I first saw the film last Saturday, opening weekend, and then again for the second time today. The last time I was this excited for a movie was when I saw Inglourious Basterds back in 2009, which turned out to be an epic disappointment upon first viewing (I’ve gradually come to really like the movie). Luckily, Spring Breakers didn’t disappoint, but at the same time, I don’t think it’s fair to say that it lived up to my expectations, because even I wasn’t entirely ready for what the film turned out to be. And that’s not a bad thing by any means.

I had read numerous articles and reviews about the film, and so I knew much about the style of it (i.e. frequent repetition, etc.). I avoided any major plot details, however.

I’m going to start by saying that Korine now has three great films in his oeuvre: Gummo, this, and Julien-Donkey Boy. I would rank them in that order. Spring Breakers is easily his best, most focused, and most original work since Gummo. It is a really unique film that I’ll certainly be remembering for some time to come.

The film is brilliant on a technical level. Benoit Debie’s neon-lit cinematography is simply breathtaking. The overlapping, repeating editing style worked well also. I never became annoyed by it, and I felt that it worked greatly for the film. The score by Skrillex and Cliff Martinez is simply wonderful, and I enjoyed hearing more familiar tunes, such as “Scary Monsters and Nice Sprites”, which was utilized excellently in the opening sequence.

And that opening sequence brings me to a point I wish to address. Here, Korine accomplishes one of my favorite aspects of his directing. He captures a sort of beauty and innocence in a situation that we, the audience, find to be without beauty and corrupt, impure. He never exploits it, or glamorizes it. He simply depicts it and allows the audience to make up their own mind. Also, I love the fact that throughout the film, we are constantly brought back to this image at pivotal moments in the story. It reminded me greatly of the image of the tornado in Gummo, how the film opens and closes with it.

I've seen many people comparing Spring Breakers to the style of Terrence Malick, in particular The Tree of Life. And I can definitely understand these comparisons, but one film that I actually thought of was an unusual one: The Killing of a Chinese Bookie, one of Korine's top ten favorite films. I remember having a similar reaction to that film, where I felt that there was a story that the director was telling, but it was presented in such an unusual and deliberately paced manner that it almost felt as though there was no plot development. And out of this, individual moments, certain specific scenes, or images became what the film was primarily about, not the story that the film was presenting.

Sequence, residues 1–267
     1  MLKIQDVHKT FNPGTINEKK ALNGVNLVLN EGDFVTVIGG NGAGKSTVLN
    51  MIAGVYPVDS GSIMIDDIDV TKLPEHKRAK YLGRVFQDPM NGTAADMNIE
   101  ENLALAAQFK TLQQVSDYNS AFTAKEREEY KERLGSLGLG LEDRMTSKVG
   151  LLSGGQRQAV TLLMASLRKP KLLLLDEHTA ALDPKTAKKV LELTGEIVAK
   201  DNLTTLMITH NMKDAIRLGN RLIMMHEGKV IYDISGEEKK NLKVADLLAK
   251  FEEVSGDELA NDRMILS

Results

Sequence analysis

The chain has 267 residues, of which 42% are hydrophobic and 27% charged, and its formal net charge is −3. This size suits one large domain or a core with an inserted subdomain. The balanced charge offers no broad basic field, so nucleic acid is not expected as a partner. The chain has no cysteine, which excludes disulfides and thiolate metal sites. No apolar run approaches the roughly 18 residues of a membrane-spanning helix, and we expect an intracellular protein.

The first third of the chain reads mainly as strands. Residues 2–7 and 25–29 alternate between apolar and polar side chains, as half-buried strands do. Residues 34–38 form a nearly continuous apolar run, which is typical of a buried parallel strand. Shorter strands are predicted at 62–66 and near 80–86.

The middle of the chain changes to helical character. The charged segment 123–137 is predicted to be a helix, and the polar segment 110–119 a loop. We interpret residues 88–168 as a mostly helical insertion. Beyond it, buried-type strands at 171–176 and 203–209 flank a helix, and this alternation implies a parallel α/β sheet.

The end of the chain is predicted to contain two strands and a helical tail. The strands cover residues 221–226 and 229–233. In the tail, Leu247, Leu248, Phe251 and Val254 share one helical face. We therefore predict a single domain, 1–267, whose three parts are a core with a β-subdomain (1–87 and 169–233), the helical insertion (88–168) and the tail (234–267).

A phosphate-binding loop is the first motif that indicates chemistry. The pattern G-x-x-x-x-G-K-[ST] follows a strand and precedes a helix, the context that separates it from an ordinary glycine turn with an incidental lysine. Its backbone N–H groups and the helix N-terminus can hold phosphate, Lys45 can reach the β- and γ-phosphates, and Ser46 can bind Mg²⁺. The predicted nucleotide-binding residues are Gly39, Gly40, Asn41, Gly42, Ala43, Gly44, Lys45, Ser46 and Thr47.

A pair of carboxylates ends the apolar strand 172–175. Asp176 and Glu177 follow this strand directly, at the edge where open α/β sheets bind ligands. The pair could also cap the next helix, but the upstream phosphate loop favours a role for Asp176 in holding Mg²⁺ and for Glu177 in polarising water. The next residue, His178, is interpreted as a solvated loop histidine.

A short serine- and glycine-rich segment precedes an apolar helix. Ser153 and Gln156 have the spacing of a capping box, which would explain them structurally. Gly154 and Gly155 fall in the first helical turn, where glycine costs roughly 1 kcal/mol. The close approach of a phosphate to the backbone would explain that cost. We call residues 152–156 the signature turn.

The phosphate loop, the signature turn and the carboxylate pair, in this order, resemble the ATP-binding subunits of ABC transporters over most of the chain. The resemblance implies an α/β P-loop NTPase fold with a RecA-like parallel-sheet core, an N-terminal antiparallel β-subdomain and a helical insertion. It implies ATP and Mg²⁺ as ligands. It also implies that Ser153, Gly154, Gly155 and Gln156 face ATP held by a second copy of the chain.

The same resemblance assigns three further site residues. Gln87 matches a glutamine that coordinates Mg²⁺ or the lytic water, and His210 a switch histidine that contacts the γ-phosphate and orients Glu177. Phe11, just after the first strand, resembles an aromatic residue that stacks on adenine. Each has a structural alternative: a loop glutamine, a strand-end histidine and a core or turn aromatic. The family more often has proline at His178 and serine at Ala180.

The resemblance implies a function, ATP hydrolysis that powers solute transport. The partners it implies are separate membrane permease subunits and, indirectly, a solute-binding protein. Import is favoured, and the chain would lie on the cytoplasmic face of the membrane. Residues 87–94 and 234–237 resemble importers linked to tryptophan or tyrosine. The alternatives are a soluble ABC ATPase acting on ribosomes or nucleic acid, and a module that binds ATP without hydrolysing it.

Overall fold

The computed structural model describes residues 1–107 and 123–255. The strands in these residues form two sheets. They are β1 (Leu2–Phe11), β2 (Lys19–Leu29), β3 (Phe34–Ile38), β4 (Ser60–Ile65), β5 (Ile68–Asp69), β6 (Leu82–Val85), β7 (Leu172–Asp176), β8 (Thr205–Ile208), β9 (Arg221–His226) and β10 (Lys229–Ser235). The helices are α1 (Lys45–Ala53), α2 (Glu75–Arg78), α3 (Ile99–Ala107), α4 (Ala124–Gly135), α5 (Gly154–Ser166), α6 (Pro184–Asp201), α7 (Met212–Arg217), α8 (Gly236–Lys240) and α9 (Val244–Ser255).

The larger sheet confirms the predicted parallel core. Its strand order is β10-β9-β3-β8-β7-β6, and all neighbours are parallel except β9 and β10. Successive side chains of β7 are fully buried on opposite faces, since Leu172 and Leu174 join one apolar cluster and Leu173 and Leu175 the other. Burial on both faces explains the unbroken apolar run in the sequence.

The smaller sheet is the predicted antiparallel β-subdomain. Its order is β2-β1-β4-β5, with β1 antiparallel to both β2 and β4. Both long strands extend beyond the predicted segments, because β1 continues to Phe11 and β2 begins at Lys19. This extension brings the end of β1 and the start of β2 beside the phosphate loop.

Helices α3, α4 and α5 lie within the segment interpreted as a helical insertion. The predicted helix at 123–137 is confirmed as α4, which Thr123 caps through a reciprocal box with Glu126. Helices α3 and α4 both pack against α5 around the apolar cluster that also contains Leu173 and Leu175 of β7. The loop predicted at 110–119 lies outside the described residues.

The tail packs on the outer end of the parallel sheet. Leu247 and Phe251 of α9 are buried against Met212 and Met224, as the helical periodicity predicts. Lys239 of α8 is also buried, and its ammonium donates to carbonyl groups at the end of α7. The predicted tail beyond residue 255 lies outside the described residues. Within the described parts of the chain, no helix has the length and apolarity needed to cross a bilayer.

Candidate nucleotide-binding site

A great quote from Korine himself demonstrates this idea that I have presented, where he claims, "What I remember myself from films, and what I love about films, is specific scenes and characters." And this is what I find most fascinating about Korine, that he is not concerned with a story, but with images, scenes, moments, slices of life. And I think that Spring Breakers does a perfect job of applying this concept. Thus, I found it ironic when my friends, whom I saw the film with and most of which did not care for it, claimed that the film had no plot. One friend even said was that all the film consisted of was a series of memorable scenes.

This concept of scenes, characters, and images is something that can be seen greatly in Korine's debut, Gummo, which is virtually a plot less film. It's also his most innovative in my eyes, probably followed next by Spring Breakers.

Seeing Spring Breakers a second time further solidified my love for it. I really like this film, and I hope that it marks a turning point for Korine, in that he now attempts to maintain his artistic style while appealing (somewhat) to mainstream audiences. I also hope that with Spring Breakers reaching mainstream success (sort of), others will go and discover the rest of Korine's films. They certainly aren't all perfect, but I really think they do deserve more attention than they have previously received.

By the way, I have to admit that my audience during both screenings could not have been any more annoying. Luckily, there weren’t too many people and they were sitting far away from me.

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FerdinandGriffon
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Re: Spring Breakers (Harmony Korine, 2012)

#25 Post by FerdinandGriffon » Fri Mar 29, 2013 7:06 pm

I think Richard Brody has come very close to summing up my feelings for the film, which, if I were to paraphrase him and myself, might sound a little like this: I greatly admire the film's technical excellence, playfulness, and unusual choice of subject, but find the sum total blank, narcotizing, and lacking in the structural depth that might make it into something more than mannered posturing.

Brody:
The movie isn’t so much an elaborate put-on as it is a simulacrum. Whether Korine films half-naked young women exulting on the beach or gunslingers in the heat of conflict or characters reflecting in moments of pensive stillness, he seems to be miming the gesture—this is how, if he had wanted to convey such pleasures, such drama, or such emotion, he might have done it.